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Bethlehem employees still waiting for justice

Fresh out of high school my husband, Ed Walker, went to work at Bethlehem Steel in Lackawanna. He took an apprenticeship as a bricklayer. At that time, he had no idea how dangerous the work was. Workers had to put the bricks on a long-handled paddle and reach into the furnaces to patch the holes with no protection other than the gloves and shoes they themselves had bought.

In 2000, the government acknowledged that it had a secret project with the Federal Atomic Energy Commission to roll uranium once a month for four years, starting in 1949. The workers had no idea that they were involved with a deadly material that would cause many of them to contract many types of cancer. Even as they were dying, the government did not inform them.

One evening in 2001, Ed and I were watching the news and we heard that the government was going to compensate the workers who had worked at Bethlehem Steel from 1949 through 1952 and had contracted cancer.

Ed had worked there from 1951 through 1954, and he had bladder cancer, so we went to fill out the forms. We were told that there would be a compensation of $150,000 in three months.

But Ed's claim was denied; he was told he didn't qualify. Soon the National Institute of Occupational Safety and Health (NIOSH) came up with a dose reconstruction program to determine whether claimants qualified. It said a worker had to have at least 50 percent causation. Ed was told he had only 3.29 percent. The 2000 bill that was signed into law by President Bill Clinton said nothing about a dose reconstruction.

Ed did some research and found many discrepancies and flaws in the program. He contacted Jay Bonfatti, a reporter from The Buffalo News, and persuaded Jay to interview him. When Jay arrived, I took him into the living room just as Ed was getting up from his recliner. Jay said, "Hey, I have a chair just like that. But yours is in much better condition."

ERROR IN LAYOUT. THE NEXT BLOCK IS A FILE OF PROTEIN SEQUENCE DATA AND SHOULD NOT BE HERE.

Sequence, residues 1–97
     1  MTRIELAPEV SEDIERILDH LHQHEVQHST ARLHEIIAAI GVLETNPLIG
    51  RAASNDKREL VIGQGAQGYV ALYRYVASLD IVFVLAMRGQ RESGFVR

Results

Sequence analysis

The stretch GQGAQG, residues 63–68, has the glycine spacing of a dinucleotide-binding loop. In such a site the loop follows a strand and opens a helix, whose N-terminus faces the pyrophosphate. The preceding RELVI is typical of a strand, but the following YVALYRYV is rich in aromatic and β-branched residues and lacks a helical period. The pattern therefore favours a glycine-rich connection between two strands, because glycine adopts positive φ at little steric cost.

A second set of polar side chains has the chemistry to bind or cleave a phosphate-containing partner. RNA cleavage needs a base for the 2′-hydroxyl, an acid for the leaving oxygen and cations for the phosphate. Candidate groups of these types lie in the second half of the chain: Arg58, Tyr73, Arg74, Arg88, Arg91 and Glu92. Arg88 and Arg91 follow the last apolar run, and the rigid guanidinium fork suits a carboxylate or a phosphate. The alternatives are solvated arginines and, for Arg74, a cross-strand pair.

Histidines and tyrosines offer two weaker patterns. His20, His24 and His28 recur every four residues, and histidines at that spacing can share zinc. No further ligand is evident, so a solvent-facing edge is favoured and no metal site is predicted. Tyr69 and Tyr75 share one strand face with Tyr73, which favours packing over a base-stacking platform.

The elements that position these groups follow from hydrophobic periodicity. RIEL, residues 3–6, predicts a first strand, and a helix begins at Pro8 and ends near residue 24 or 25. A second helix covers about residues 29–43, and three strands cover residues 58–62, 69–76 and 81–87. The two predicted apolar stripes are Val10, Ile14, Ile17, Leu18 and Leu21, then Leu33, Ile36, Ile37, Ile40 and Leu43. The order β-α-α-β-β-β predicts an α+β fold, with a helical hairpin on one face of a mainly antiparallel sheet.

Ed replied, "Well, Jay, you can have it when I'm through with it." That conversation was the start of a great relationship between the two of them. Jay wrote most of Ed's articles.

Ed and I attended advisory boards and general meetings held by NIOSH and were able to convince several congressmen that the NIOSH program was flawed.

NIOSH continued to discredit, saying that depleted uranium could have been present in the Department of Energy complex in the last six months of 1952, but that it had no direct evidence that this was actually the case at Bethlehem Steel. Therefore, we were to get "the benefit of the doubt" and should qualify for the Special Exposure Cohort. Officials said it would make us "claimant favorable." Unfortunately, this didn't change any compensation decision made by the Department of Labor.

On Aug. 28, 2008, Jay passed away from a heart attack seven months after Ed died. I believe that they are sitting side by side in their recliners with their feet up and Jay is saying: "Look, Ed, see what Joyce is doing down there. She's going to finish what you started and she has a lot of people helping her."

I will never be able to fill Ed's shoes, but I will continue to work for the continuance and support of Senate Bill S-2589 and Care Act HR-4052. We will not quit, we will not go away and we will not rest until we get justice for our workers and their families.

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